Evening
Once work is done for the day, I make time to call and check in on friends, either via text or online video platform. It’s actually been amazing to connect with people so regularly. This is something that ordinarily I don’t have time to do as I am usually rushing around to complete some errand. I feel that during this time of isolation, I have made deeper connections with my friends. Paying closer attention to each other’s emotions and learning so much more about one another.

Sometimes I take this time to learn a little Spanish (been living in Spain 5 years and can only just about order a glass of wine).

Dinner usually takes about an hour to prepare. At least once a week I like trying new recipes found online and “making do” with alternate ingredients from the backs of my cupboards, there have been mixed results. Of course, I’m not Mary Poppin’s, some evenings are spent eating left over’s or getting a food delivery.

Late Evening
By the time dinner is finished it is usually around 8pm and time to sit with the fur babies and watch a series or movie on Netflix.

At around 10.30-11pm I ensure that the house is tidy and dishes are washed, etc. This way before heading to bed I know that tomorrow will start with a clean fresh slate.

 

Everyone’s routine is different, the important thing is to have a routine. If there are days that you really don’t feel like getting out of bed or doing some of the things on your list, that’s okay. Let yourself have those days and enjoy them.

Try writing down a daily schedule for yourself, break the day up into segments and make it as detailed as possible. Do your best to stick to your schedule for a week and see how you feel at the end of it.

I do hope that this will have inspired you to KEEP GOING. These strange times will all be over soon and life will return to normal. STAY STRONG.

If you feel you need emotional support or counselling to help you through these unprecedented times. Please, reach out. PineappleSupport.org

Pineapple Support Sponsors Free Online Therapy Course

A free, online therapy course, sponsored by Pineapple Support, launches Tuesday, April 14. The seven-week course will utilize Dialectic Behavior Therapy (DBT) to help industry members develop tolerance skills while in isolation during the production hold.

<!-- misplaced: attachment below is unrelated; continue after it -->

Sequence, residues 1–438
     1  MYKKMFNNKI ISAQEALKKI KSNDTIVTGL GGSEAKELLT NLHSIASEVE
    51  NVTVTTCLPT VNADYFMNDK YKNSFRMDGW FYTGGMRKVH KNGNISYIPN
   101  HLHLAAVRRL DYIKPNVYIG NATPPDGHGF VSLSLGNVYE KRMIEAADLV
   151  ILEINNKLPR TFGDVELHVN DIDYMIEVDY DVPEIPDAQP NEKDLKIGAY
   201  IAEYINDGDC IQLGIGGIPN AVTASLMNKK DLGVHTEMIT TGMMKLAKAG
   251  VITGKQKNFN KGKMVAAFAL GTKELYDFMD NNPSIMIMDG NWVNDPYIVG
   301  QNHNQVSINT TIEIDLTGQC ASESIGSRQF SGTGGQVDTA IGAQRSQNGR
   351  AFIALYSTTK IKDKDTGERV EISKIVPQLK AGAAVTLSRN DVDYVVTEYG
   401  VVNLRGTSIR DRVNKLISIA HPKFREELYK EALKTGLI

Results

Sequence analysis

The two-hour weekly sessions, led by Pineapple Support therapist Sophie Graham, will be held from 9:30 to 11:30 a.m. (PDT) and focus on coping mechanisms that can be used during times of crisis.

“The COVID-19 pandemic is causing lots of people to experience distress,” explained Graham. “This might be because of fear of getting sick, or it could be financial stress, or the impact of being in closer than usual quarters with the folks that we live with. This course is all about finding ways to reduce your distress — using your body as well as your brain. It helps you to develop your capacity to manage distress better.”

To reserve a spot, email contact@pineapplesupport.org.

“It can be a struggle to cope with overwhelming events,” said Pineapple Support Founder Leya Tanit. “We can end up in crisis, and that can cause us to behave in ways that cause us shame or create practical problems in our lives. This course equips you with DBT skills to manage distressing situations without derailing your life or relationships.”

For the latest updates, follow Pineapple Support online and on Twitter.

Pineapple Support Celebrates 2nd Anniversary, 1,000th Performer Milestone

Adult industry mental health nonprofit Pineapple Support is marking its 2nd anniversary with another milestone: the organization has now connected over 1,000 adult performers with mental health and emotional support services.

Founder Leya Tanit said that when she started Pineapple Support in 2018, she “couldn’t have imagined that we’d be able to reach so many performers in such a short amount of time.”

“It has not been easy, and the need is still great,” Tanit added, “but it’s incredibly rewarding to reach this milestone in conjunction with our second birthday.”

Pineapple Support was conceived in early 2018 by Tanit, a British performer, in response to losses in the adult industry from depression, addiction and other mental illnesses. Tanit launched Pineapple Support at Exxxotica Denver on April 7, 2018.

Since then, Pineapple Support has secured financial sponsorship from over 40 adult companies, received 501(c)(3) tax-exempt status in the U.S. and charity status in the U.K., and assembled a Board of Directors made up of industry leaders.

In addition, Pineapple Support has amassed a team of over 100 therapists providing low or no-cost services to adult performers, along with over 300 trained “active listeners” who volunteer with the service.

The non-profit has provided adult professionals with one-on-one therapy, online support groups, monthly webinars and 24/7 online emotional support.

Last year, Tanit launched the Pineapple Summit, the only online mental health summit specifically for the adult industry.

“I am so thankful for the generosity and dedication of our industry in helping build this organization, and for the tireless work of the therapists who help our community daily,” Tanit said. “I look forward to celebrating even more milestones and anniversaries in the coming years. As we often say, it’s okay to feel lonely, but it doesn’t mean you’re alone.”

For more from Pineapple Support, follow them online and on Twitter.

Pornhub Renews Sponsorship of Pineapple Support

Pineapple Support announced today that Pornhub will renew its Gold Level sponsorship of the organization.